Fed’s New Mandate

By David Nelson, CFA

Wednesday, the FOMC released the minutes from their September meeting giving stocks their biggest one day gain of the year. If you aren’t sure if this was a Fed induced rally a quick look at the S&P intraday chart is all the confirmation you’ll need.


All of this must be pretty frustrating to shorts or portfolio managers like yours truly who raised cash levels on the heels of a major trend break. Before you put on your party hats the market still has some work to do especially when you dig into the Fed minutes.

They took 13 pages to describe what could have been penned in a paragraph. Two concerns high on their list are weak economic growth outside of the United States and the recent strength of the U.S. Dollar. I’ve been concerned about the rapid rise in our currency as well and have talked about it in several television interviews. The S&P is dominated by large cap multinationals that have a significant portion of their top line dependent on overseas sales. While there are many positives to a strong currency the translation could hit the results of any U.S. company with a large international exposure.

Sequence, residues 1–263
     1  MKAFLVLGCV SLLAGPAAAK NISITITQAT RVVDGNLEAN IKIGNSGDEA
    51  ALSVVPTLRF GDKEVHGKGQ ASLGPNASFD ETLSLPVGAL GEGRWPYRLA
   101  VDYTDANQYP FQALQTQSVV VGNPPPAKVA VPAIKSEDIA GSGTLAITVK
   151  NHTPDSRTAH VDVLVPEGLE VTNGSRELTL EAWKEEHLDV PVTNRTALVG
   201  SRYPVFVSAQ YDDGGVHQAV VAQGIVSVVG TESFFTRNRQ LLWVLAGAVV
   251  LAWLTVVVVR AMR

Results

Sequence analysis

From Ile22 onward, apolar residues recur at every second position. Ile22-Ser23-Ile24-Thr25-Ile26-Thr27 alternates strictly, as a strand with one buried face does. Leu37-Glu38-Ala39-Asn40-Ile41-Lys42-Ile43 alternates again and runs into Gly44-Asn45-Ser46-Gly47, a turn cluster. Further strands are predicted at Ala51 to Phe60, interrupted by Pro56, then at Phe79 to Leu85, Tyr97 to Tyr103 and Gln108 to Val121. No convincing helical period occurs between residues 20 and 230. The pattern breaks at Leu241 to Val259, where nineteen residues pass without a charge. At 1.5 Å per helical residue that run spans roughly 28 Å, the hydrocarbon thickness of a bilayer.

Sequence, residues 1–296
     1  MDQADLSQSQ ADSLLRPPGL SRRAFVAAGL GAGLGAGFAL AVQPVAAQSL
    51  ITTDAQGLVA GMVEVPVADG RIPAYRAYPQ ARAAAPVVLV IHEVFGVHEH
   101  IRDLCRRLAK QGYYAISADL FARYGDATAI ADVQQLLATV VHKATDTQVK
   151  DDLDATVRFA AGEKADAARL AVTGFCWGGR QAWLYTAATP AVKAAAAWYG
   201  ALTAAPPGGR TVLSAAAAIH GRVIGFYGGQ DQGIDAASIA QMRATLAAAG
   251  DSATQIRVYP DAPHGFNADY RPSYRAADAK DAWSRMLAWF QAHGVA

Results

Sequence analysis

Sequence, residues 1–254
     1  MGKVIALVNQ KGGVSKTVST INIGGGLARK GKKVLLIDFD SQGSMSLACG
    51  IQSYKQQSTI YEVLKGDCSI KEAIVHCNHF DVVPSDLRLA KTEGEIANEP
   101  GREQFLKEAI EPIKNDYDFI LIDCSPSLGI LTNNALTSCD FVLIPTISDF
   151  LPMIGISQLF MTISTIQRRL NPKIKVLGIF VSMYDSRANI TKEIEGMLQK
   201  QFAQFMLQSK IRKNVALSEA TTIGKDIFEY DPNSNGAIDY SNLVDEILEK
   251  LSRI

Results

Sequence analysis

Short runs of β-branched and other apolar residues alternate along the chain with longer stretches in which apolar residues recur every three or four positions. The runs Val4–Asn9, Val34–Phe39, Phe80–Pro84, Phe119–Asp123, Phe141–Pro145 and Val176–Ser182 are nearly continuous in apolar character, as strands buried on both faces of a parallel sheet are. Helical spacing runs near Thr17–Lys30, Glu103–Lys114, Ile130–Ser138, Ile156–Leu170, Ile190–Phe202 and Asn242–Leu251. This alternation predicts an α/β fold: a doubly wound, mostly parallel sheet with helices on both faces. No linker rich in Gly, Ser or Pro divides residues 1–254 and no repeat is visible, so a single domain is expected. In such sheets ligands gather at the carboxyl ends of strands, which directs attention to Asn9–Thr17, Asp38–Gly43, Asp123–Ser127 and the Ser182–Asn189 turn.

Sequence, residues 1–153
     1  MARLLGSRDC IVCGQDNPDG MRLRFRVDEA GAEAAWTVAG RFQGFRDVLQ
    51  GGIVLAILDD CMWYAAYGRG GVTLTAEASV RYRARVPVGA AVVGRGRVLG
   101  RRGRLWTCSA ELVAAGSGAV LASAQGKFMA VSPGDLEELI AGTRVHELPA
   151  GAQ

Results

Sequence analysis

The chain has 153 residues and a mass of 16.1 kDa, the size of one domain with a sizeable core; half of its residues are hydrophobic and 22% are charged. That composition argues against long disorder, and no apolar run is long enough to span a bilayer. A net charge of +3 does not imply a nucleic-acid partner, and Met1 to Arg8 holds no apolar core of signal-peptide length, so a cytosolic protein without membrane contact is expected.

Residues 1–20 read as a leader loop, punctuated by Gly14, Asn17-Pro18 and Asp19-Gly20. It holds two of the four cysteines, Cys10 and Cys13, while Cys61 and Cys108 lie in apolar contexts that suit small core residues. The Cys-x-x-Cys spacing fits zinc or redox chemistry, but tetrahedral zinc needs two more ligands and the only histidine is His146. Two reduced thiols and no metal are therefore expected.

Perhaps the most important part of the release was the obsession with the language. Why are they obsessed with the phrase “considerable period of time?” Because every trader, portfolio manager and economist has a laser focus on the words. We know that once they remove it they are setting the stage for the first Fed hike. Members seem concerned that its removal might signal a shift in policy.

Today’s release has to viewed as dovish and it’s clear Fed hawks Fisher and Plosser have lost this round of the internal debate that’s been building behind the Fed walls.

I’ve taken a look at most of the notes from sell side street economists and they’ve all zoomed in on Fed commentary about sluggish international growth and a rising dollar. Both comments seemed to surprise the street with some even talking about the Fed taking on an additional mandate. CNBC’s Bob Pisani was talking about it yesterday from the floor of the NYSE.

The recent market weakness has centered on deteriorating economic conditions overseas with many investors pointing to Europe. Today’s release calmed those fears. I’m not sure what they can do about it but for now stock investors think the Fed has the cure.

When you put it all together you have to push out your time table for the first Fed hike. I’m certainly not going to stand in front of this freight train so I’m removing my call for a Fed hike by March. I don’t expect a change in policy until about 6 months after a change in language and it seems unlikely at this point that we will see anything this month. That takes you all the way out to at least May.

Earnings season is just getting underway and will set the tone for the rest of October. For complete confidence to return the S&P will have to breakout to another high. In the meantime the Yellen put is in full force with a trailing strike price about 5% below the market highs.